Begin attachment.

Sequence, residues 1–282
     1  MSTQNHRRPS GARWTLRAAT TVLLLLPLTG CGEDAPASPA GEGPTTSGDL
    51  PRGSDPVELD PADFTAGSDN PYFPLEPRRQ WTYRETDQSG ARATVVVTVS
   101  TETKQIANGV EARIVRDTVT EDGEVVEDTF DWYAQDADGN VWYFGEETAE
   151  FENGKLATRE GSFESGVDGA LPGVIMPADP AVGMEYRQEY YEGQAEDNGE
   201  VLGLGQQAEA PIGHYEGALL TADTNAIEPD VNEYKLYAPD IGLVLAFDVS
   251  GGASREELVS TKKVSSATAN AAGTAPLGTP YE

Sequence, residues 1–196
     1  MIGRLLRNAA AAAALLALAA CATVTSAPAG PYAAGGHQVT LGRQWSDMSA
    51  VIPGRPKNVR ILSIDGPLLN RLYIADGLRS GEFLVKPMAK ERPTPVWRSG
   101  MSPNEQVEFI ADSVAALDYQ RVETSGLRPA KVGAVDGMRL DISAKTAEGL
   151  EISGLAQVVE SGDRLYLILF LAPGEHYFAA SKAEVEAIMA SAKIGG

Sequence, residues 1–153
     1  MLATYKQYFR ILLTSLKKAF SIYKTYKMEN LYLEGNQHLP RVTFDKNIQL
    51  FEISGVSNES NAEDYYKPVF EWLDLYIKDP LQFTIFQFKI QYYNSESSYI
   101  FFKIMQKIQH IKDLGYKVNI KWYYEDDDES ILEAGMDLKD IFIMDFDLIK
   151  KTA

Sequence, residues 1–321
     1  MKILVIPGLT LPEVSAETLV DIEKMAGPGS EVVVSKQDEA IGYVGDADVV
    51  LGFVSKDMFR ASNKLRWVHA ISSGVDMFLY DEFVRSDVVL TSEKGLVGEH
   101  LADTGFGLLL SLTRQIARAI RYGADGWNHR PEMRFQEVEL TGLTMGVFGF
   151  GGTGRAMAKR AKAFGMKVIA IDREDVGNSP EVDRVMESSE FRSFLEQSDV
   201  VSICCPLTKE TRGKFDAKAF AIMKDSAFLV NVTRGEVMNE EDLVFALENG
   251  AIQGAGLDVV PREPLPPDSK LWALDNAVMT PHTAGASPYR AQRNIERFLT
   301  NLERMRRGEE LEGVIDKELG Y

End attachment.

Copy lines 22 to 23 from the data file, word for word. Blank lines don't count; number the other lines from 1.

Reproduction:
   151  GGTGRAMAKR AKAFGMKVIA IDREDVGNSP EVDRVMESSE FRSFLEQSDV
   201  VSICCPLTKE TRGKFDAKAF AIMKDSAFLV NVTRGEVMNE EDLVFALENG